Managers and supervisors should be prepared for an emotional response from employees who are made redundant and from the “survivors” who remain. First, is important for managers to feel that these are not personal attacks. Second, managers should receive training to help them understand what appropriate non-verbal behaviour/body language they should use to ensure they appear open and non-defensive.
Small details can make a big difference to how everyone feels during the redundancy process. For example, if a manager feels tense before addressing an employee, they should be encouraged to use breathing techniques to relax their body. Another tip is to set out a meeting room appropriately so that it is formal, but with minimal barriers.
To help senior members of staff remain calm throughout the redundancy process, it can be useful to offer them the opportunity to debrief following highly emotional meetings, making them feel supported.
4. Consider using counselling services
While those leaving the organisation are often offered outplacement services, which can include coaching or counselling support, those employees not being made redundant should also be provided with support.
“Survivors” can often suffer from feelings of guilt normally experienced by those who survive major disasters or traumas, inducing questions such as: “Why not me?” These people find it difficult to move forwards from the event from a psychological point of view, meaning they feel “stuck”.
Managers can ensure that employees are fully supported by making them aware of the company employee assistance programme or counselling service. Taking the time to explain what the service covers and why it is being provided, perhaps by referring to a leaflet, will help instil confidence – especially in relation to the confidential nature of the service.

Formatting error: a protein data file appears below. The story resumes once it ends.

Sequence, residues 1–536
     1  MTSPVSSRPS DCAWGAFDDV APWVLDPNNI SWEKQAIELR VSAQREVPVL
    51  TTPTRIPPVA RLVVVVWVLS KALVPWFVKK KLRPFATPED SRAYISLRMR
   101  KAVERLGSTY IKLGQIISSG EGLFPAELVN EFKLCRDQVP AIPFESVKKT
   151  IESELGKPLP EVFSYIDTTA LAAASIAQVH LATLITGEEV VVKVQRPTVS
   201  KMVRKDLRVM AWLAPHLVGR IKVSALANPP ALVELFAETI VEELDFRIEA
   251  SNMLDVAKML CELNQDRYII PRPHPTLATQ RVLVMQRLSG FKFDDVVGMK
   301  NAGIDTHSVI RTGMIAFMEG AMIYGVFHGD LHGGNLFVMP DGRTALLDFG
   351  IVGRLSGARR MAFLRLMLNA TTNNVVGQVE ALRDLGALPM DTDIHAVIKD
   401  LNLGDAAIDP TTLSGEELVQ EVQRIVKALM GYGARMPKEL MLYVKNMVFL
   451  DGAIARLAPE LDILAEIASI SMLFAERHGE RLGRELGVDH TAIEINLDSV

5. Involve “survivors”
Managers need to be highly visible to their staff. Being as approachable and as honest as possible about the future will help to rebuild trust and start to rebuild a positive psychological contract with employees.
Continuing to involve employees with the business in building the future success of the organisation is vital by asking them how the organisation’s work can be carried out with fewer staff. Asking them what non-value-adding tasks they think should be stopped, for example, is a good first step.
In short, providing clear communications throughout the implementation of any redundancy scheme is of utmost importance. Allowing employees to psychologically prepare for what is to come by giving them some warning in advance; assuring them that communications will be ongoing throughout the process – be it good news or bad; and taking care to reassure “survivors” of their value to the company once redundancies have been carried out will go far to help limit impact of these in both the short and long term.
Andrew Kinder is a member of the Executive Committee of the British Association for Counselling & Psychotherapy’s workplace division. He also is chief psychologist at a major UK employee assistance programme.
XpertHR provides a good practice guide on managing supporting redundancy survivors, and a survey of employers on managing the survivor syndrome during and after redundancies.